There will be pie

Two culture-war posts in a row, so perhaps it’s time for a nice refuge thread for those fleeing more contentious conversations. Let us therefore discuss pie.

David R. Swartz’s Moral Minority: The Evangelical Left in an Age of Conservatism is receiving widespread acclaim for his revealing and insightful look at the progressive evangelical movement of the 1970s and 1980s. I tend to think of it as That New Book About Everyone I Used to Work For. Here’s Molly Worthen’s review in The New York Times. And here’s the first part of Scot McKnight’s review at Jesus Creed.

So with Swartz’s history of that movement in mind, I thought perhaps a pie from Doris Janzen Longacre’s classic More-with-Less Cookbook — the book that fed the evangelical left.

Here is a recipe for Shoofly pie, contributed by Elta Miller of Lititz, Pa.

Shoofly Pie

Serves 6, 375°, 35 min.

Preheat oven to 375°
Prepare 1 unbaked 9″ pie shell
Cut together with pastry blender:

1 c. flour
½ c. brown sugar
2 T. shortening or margarine

Reserve ½ c. crumbs for topping.
Combine in mixing bowl:

1 c. molasses
1 egg, slightly beaten
¾ c. cold water
1 t. soda in
¼ c. hot water

Add crumb mixture and beat together.
Pour into unbaked pie shell. Sprinkle reserved ½ c. crumbs on top. Bake 35 minutes.



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  • Carolyn

    I’ve been experimenting with pie recipes lately, and had an idea for a pie I’m planning for Thanksgiving, but I’m not sure if it’ll work. What I want is to make a cherry pie that has a chocolate layer, or maybe just chocolate in with the cherries. Is this a thing that exists, or should I just make something up? Any suggestions would be welcome.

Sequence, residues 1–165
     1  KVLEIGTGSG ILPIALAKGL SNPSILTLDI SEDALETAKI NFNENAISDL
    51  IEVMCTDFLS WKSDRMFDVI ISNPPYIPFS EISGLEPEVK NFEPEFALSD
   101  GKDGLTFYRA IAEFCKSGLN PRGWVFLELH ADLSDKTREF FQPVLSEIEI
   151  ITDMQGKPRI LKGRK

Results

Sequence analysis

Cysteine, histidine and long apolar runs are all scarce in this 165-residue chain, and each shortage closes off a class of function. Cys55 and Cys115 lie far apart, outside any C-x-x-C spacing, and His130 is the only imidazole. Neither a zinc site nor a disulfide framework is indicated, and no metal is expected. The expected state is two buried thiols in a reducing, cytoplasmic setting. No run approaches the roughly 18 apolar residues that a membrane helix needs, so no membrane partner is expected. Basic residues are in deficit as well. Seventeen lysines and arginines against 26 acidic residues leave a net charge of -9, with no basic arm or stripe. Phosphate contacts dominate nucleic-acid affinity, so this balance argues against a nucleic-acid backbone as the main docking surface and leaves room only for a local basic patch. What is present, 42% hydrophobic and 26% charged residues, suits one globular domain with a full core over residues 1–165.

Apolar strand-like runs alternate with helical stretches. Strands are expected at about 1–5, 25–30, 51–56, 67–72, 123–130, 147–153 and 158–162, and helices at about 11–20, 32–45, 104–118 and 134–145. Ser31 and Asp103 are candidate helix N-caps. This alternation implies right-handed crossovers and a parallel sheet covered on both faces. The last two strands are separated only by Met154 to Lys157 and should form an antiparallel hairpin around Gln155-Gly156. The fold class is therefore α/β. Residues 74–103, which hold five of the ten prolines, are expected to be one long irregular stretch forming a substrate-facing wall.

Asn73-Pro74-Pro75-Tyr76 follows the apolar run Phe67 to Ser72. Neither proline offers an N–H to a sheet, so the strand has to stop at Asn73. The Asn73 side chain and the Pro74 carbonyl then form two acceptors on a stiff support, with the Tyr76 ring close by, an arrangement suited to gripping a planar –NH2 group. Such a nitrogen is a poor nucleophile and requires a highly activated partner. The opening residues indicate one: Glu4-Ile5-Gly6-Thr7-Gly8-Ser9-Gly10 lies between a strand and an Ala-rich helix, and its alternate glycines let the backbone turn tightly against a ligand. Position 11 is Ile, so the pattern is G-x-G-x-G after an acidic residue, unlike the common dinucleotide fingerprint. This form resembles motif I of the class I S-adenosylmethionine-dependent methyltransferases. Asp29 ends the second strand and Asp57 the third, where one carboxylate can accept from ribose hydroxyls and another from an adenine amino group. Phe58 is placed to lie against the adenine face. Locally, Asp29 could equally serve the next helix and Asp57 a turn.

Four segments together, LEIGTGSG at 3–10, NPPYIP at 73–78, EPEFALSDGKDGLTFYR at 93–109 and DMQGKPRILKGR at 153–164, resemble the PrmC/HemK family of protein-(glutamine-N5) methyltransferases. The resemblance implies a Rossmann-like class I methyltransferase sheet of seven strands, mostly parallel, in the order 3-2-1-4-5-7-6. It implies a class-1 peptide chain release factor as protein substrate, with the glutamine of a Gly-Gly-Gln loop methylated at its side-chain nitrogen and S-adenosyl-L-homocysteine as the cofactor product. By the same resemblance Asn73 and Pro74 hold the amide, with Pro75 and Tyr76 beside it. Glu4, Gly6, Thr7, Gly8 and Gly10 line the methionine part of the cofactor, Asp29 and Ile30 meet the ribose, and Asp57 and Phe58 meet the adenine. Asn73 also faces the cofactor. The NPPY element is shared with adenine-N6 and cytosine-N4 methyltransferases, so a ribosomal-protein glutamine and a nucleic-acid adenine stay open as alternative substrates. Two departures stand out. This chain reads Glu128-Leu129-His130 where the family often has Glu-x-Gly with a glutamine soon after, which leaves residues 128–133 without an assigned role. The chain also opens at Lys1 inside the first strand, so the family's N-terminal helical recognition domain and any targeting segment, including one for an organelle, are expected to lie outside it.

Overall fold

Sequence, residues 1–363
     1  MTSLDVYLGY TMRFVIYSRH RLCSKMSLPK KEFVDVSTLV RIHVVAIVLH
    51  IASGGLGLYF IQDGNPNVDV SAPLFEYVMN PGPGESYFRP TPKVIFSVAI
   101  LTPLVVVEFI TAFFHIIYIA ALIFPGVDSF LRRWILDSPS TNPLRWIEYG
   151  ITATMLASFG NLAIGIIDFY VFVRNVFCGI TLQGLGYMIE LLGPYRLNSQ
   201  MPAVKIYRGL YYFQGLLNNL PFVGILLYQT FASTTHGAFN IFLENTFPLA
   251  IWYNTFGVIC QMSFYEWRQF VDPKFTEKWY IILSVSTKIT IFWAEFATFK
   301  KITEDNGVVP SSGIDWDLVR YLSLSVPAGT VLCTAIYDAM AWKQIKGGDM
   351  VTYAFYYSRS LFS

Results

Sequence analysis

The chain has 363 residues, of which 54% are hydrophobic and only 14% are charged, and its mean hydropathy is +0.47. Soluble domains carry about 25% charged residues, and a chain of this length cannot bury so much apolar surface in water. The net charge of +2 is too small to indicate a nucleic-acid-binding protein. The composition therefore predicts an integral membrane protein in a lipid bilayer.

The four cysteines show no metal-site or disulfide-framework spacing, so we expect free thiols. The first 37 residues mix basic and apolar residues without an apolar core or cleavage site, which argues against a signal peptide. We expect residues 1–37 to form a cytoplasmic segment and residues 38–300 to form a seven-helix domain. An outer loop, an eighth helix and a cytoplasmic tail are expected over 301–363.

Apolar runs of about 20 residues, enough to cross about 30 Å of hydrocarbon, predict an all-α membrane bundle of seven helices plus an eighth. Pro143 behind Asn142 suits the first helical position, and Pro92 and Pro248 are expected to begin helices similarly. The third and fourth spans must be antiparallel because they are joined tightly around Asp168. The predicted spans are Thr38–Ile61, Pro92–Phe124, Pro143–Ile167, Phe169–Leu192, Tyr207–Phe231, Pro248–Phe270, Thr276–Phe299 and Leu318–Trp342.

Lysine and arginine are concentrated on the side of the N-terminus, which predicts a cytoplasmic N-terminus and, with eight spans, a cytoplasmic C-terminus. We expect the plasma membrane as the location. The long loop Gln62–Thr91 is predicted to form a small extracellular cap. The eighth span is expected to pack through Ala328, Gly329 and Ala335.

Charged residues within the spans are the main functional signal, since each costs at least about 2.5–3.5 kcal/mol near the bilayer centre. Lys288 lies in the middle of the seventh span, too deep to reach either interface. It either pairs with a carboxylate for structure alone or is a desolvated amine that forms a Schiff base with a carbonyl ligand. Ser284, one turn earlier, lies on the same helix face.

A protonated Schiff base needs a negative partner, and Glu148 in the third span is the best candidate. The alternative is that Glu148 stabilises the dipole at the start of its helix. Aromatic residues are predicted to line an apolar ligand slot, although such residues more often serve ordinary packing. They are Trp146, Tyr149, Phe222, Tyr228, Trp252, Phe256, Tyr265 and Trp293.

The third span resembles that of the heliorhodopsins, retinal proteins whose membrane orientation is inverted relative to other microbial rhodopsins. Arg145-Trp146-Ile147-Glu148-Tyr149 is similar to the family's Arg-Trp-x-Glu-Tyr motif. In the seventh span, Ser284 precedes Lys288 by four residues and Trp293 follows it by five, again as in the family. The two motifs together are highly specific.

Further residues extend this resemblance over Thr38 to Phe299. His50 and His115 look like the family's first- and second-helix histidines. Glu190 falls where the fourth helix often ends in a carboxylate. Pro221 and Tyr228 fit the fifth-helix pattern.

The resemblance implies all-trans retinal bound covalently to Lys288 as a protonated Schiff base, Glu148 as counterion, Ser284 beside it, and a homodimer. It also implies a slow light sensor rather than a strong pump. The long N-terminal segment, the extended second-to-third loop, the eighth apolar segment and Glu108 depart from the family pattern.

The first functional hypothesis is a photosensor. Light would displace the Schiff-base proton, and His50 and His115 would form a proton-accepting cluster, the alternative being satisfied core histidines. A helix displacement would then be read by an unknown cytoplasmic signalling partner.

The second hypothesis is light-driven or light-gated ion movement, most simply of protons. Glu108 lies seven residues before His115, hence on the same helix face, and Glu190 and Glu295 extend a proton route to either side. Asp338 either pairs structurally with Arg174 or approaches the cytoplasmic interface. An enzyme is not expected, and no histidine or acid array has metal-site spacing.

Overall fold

• Loquat

    I don’t generally make pies myself, but this recipe may be useful to you.

  • Sgt. Pepper’s Bleeding Heart

    Can’t talk about pie without a meat pie!

    (I, too, find the idea of shoofly pie sickeningly sweet. For dessert pies, my favourite is lemon meringue).

  • Does anyone else call the meat (or other non-sweet) ones “savoury pies”?  I think that might be something I picked up just from one NZ person, and have no idea how widespread it is.

  • Katie

     Quite possibly, yes.    When I make apple pie, its usually more than one pie.

  • My great-aunt had a famous-in-our-family not-quite apple pie recipe (it was made in a jelly roll pan instead of a pie tin, and she put a glaze on top when it was done).  I just looked up the recipe and she recommended using yellow delicious.

  • EllieMurasaki

    You mean Yellow Delicious apples have a purpose other than being perishable paperweights?

  • J_

    *I thought perhaps a pie from Doris Janzen Longacre’s classic More-with-Less Cookbook — the book that fed the evangelical left.*

    Mmm, that explains a lot. More-With-Less is a cookbook written by people who may once have heard of the idea of a good meal but certainly never had one themselves. Mostly starch piled on top of other starch with a side of starch on the side. Also makes the mistake of assuming that spice and fat are co-equal in generating flavor. (Don’t see the issue with that? Try replacing butter with cumin and let me know how it works out for you.)

    The same criticism that applies to, say, “The Moosewood Cookbook” fully works on More-With-Less:

    -Take ANY recipe from the book
    -Add 3 strips of crumbled bacon
    -Noticed marked improvement

  • LE

    The last time I made an apple pie it took more than 10 apples (largish Granny Smiths), so one each of a dozen varieties would work out just about perfect.